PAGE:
Kvelling Over Granddaughter in the Israeli Navy

Kvelling Over Granddaughter in the Israeli Navy

The latest Geffen to serve in the military is helping protect the eastern Mediterranean.

Rabbi David Geffen

Rabbi David Geffen is a native Atlantan and Conservative rabbi who lives in Jerusalem.

The day before Purim, I understood one of the key factors as to why being an Israeli is so significant, especially in the 70th year of the nation. What did I do? At a naval base in Haifa, I witnessed our granddaughter completing an intensive course and becoming a sergeant — three stripes — in the Israeli navy.

My wife, Rita, and I, who have been in Israel a substantial amount of time, four decades, are privileged to watch our grandchildren become a soldier, a sailor, a tank commander and a member of the intelligence corps using filming expertise.

How proud we are because we know that our next generation has been inspired to care for Israel.

As Passover, the freedom festival, approaches, followed by Yom HaShoah, which marks the savage death of our 6 million, and the 70th anniversary of the state, we know that the spring of 2018 will fill each of us with satisfaction and hope, both for the Israelis and for the Jews abroad.

Why do I use the word “satisfaction”? To bring Israel to this point, we all have participated.

Eight million live right here on the soil of Eretz Yisrael, and many of you have helped through financial assistance and lobbying. This partnership has sought to ensure that Israel is not destroyed. Instead, it has become better and better in each of its seven decades.

As the world knows — Jews in particular — Israel had to build one of the finest fighting forces in the world because it is surrounded by enemies. This military prowess can clearly be witnessed with success and sadness.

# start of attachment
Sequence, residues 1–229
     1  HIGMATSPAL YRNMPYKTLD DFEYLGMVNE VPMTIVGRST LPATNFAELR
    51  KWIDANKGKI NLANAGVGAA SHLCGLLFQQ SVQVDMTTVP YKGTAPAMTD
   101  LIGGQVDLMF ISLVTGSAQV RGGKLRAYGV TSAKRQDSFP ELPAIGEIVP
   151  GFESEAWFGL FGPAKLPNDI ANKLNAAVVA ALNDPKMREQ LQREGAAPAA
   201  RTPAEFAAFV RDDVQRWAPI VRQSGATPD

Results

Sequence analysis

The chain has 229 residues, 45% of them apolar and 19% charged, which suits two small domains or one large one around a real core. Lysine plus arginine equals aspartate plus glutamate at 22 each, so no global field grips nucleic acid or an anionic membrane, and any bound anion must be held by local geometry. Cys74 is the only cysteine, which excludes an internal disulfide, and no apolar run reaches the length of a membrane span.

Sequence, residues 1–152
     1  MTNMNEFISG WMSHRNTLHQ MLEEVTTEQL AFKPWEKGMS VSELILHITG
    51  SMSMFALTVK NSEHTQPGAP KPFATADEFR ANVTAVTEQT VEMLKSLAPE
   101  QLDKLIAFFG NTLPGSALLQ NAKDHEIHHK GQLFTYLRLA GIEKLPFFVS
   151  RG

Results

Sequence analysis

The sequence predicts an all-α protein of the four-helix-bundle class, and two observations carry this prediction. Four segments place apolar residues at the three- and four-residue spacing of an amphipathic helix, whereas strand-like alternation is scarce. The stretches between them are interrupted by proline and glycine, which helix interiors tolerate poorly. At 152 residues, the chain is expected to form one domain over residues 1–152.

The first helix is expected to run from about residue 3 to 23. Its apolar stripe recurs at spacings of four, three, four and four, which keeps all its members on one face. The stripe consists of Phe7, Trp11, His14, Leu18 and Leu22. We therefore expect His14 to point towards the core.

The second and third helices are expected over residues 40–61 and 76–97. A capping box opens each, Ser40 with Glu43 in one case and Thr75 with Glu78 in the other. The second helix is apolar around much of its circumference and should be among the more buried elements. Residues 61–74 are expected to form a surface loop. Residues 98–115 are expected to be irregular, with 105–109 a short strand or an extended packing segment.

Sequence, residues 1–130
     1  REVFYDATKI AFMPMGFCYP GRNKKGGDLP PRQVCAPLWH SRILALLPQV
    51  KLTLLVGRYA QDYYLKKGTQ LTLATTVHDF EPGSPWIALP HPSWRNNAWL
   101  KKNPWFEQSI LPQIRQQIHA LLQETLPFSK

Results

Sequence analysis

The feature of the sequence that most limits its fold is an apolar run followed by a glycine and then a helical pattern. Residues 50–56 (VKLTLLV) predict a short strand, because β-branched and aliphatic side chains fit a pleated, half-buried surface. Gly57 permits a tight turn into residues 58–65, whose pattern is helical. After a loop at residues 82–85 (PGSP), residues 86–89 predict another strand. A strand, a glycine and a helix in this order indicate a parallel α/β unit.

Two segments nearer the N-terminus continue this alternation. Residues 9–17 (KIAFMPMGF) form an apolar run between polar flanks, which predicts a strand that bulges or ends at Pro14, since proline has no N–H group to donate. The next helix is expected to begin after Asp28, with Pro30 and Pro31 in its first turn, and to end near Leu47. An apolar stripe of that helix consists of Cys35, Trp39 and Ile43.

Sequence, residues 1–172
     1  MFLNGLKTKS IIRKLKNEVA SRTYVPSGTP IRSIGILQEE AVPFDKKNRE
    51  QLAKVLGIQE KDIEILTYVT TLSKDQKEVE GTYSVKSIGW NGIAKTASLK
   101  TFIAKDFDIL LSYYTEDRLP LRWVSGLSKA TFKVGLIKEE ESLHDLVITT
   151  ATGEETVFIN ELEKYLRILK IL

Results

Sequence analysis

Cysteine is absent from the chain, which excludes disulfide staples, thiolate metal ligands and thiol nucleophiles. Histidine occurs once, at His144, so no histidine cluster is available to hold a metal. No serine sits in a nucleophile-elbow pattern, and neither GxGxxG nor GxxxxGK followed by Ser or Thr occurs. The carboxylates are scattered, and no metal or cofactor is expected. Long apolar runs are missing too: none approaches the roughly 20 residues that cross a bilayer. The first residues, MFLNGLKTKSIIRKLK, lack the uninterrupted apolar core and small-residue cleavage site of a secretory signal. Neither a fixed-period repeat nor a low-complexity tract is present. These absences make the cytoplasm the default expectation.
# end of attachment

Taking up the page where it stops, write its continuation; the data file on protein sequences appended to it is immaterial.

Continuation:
Who needs this constant demonstration of excellence to provide the protection required? Why should we continue to weep over the loss of life of so many of our citizens of all ages?

Israel is a thriving nation that wants to ensure our existence forever.

Our family is a fighting family. My father, the late Louis Geffen, was a judge advocate during World War II. I was a chaplain during the Vietnam War. Our three children and three of our grandchildren have served or are serving in branches of the Israel Defense Forces. Our son-in-law and two daughters-in-law were in the IDF, and this summer our fourth grandchild enters the IDF.

Some of you may think I am boasting. On the one hand, I am, but on the other hand, we are patriots who want to defend what is precious to us.

At the ceremony at the Haifa naval base, parents and siblings and two grandfathers were present to witness our progeny assuming major tasks. Our granddaughter, like most of those completing the course, is only 20.

Israel’s navy is not large, but its task is to defend the precious Mediterranean Sea along 180 miles of coast. The coastline is one aspect of the navy’s work, but Israel’s territorial waters are important.

Today, Israel must be astute in identifying ships carrying armaments for enemies. Usually carrying conventional weaponry when captured, some of these secret shipments include rockets and even nuclear materials. Israeli gunboats have devices to detect what is dangerous among regular shipments.

From land, Israeli naval personnel are constantly using sophisticated devices to pinpoint what is illegal and to notify our vessels on the sea so they can prevent this weaponry from reaching the enemy.

Today submarines are in a class all their own. Almost all of them, no matter what country owns them, use nuclear power. A lot of future wars will be based on the success or failure of the submarine strikes on land.

So on Purim night at a naval base, Rita and I felt a thrill. A baby girl is now a sergeant dressed in her whites. The thrill will remain with us, and we will continue to pray for her safety.

For security reasons, the IDF does not allow the media to publish photos of active-duty navy personnel

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